No Kindle device required. Download one of the Free Kindle apps to start reading Kindle books on your smartphone, tablet, and computer.
Getting the download link through email is temporarily not available. Please check back later.
To get the free app, enter your mobile phone number.
Top Customer Reviews
"The Forsaken" made me think very hard about how the "little people" can fall through the cracks when the Great Powers are playing The Game; it also made me realize how people in the Depression-era United States saw the USSR. Many saw the apparent failure of capitalism contrasted unfavourably with the apparent success of the "Soviet experiment" and emigrated freely to join the new socialist state unaware of what the "dictatorship of the proletariat" truly entailed.
Tim Tzouliadis focuses on two individuals who went voluntarily from the USA to the USSR in the 1930s: Thomas Sgovio and Victor Herman. Sgovio's father was an American communist who went to the Soviet Union to preach the evils of capitalism and Herman's father left Detroit and went to Stalin's Russia to work in, believe it or not, a Ford automotive plant building "Soviet Model A's". There were thousands of other Americans as well as Canadians and Britons who joined them in Russia, victims of Soviet propaganda and the Great Depression.
The book follows these foreigners who had been tricked or forced by the Soviet authorities into giving up their passports as they descend into the hell that was the Gulag. The use of terror as a political weapon has a long history in Russia and both Lenin and then Stalin found it easy to continue this tradition.Read more ›
Tim Tzouliadis, born in Athens and raised in England, is a graduate of Oxford. He pursued a career as a documentary filmmaker and television journalist; his work has appeared on NBC and the National Geographic Channel.
Written in a style sure to completely capture your interest from the first page, first sentence, you'll find it difficult, at best, to put down this riveting recount straight off the pages of history and from deep within the archives of America and Russia.
In the midst of America's deep Depression, many, searching for a better life, read an English translation of "New Russia's Primer: The Story of the Five-Year Plan," and, in the process, made it a bestseller for seven months and one of the highest selling nonfiction titles of the past decade. They not only devoured the book, believing that the grass was greener on the other side, but they implemented their thoughts with actions by immigrating to Russia to better their lives.Read more ›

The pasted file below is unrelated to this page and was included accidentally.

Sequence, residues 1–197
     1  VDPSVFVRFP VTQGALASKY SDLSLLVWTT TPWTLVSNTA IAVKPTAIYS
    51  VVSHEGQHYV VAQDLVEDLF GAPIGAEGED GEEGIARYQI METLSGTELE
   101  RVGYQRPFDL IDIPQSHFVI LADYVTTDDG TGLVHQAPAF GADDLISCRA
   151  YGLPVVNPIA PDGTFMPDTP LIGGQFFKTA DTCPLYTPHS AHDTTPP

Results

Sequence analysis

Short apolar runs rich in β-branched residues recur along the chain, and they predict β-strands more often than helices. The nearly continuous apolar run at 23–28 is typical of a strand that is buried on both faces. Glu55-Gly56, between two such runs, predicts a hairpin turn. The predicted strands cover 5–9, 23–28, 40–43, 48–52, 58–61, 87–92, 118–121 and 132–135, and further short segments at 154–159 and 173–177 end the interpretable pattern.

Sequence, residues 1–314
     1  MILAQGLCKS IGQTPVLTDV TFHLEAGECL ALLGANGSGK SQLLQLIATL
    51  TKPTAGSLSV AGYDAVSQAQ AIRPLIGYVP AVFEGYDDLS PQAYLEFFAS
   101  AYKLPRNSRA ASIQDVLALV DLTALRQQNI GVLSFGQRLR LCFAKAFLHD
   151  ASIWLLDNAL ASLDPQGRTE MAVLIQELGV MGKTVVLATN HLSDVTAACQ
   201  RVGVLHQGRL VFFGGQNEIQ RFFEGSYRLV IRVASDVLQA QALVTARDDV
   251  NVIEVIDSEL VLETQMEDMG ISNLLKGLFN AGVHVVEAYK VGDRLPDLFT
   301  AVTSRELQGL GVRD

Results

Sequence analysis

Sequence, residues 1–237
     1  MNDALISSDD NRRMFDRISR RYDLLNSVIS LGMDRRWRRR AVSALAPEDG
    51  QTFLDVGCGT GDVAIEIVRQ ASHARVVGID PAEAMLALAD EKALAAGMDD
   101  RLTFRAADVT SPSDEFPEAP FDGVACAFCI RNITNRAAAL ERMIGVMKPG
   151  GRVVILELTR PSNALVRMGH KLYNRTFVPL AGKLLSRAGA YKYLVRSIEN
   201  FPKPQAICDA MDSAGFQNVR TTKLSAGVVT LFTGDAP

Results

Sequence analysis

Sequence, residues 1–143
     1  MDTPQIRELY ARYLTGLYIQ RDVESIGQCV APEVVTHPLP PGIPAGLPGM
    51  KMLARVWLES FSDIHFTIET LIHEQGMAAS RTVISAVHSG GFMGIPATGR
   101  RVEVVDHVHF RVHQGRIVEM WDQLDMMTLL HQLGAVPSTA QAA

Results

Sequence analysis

As a micro-history, Tzouliadis achieves the goal of highlighting the plight of Americans abandoned by their government and left to suffer the horrors of the Soviet gulags. As far as context, Tzouliadis does rely mostly on secondary literature. Although, I found his narrative engaging, stories of people like Thomas Sgovio, Tzouliadis failed to capture the overall historical significance beyond the obvious suffering of select individuals. For example, since the Bolshevik revolution, many Americans (mostly self-identified socialists) have migrated (voluntarily and forced) to the USSR. And as early as 1923, when Emma Goldman published her scathing memoir "My Disillusionment in Russia," the repression and violence of the Bolsheviks has been well-documented, none of which is mentioned by Tzouliadis. Again, as individual stories go, "The Forsaken" explains the desperation of the Americans who sought to help from their government, but he fails to capture the true horror of the gulags in the way Aleksandr Solzhenitsyn did in his seminal text "Gulag Archipelago."
For an interesting non-fiction read, "The Forsaken" is a riveting account of hope and betrayal. The writing is easy to follow, and the facts are spot on. However, the book is pretty thin in terms of historical interpretation and significance.
Most Helpful Customer Reviews on Amazon.com (beta)
This book also sheds a good amount of light on the question of why the conditions in Russia were so little known in the 1930s. Basically, once a person was inside Russia, censorship of their communication was full and these people had their passports confiscated by the Russian government so it was almost impossible to leave. The Russian government claimed that these American citizens had renounced their citizenships, resulting in the fact that the American state department was not able or very willing to help these poor people.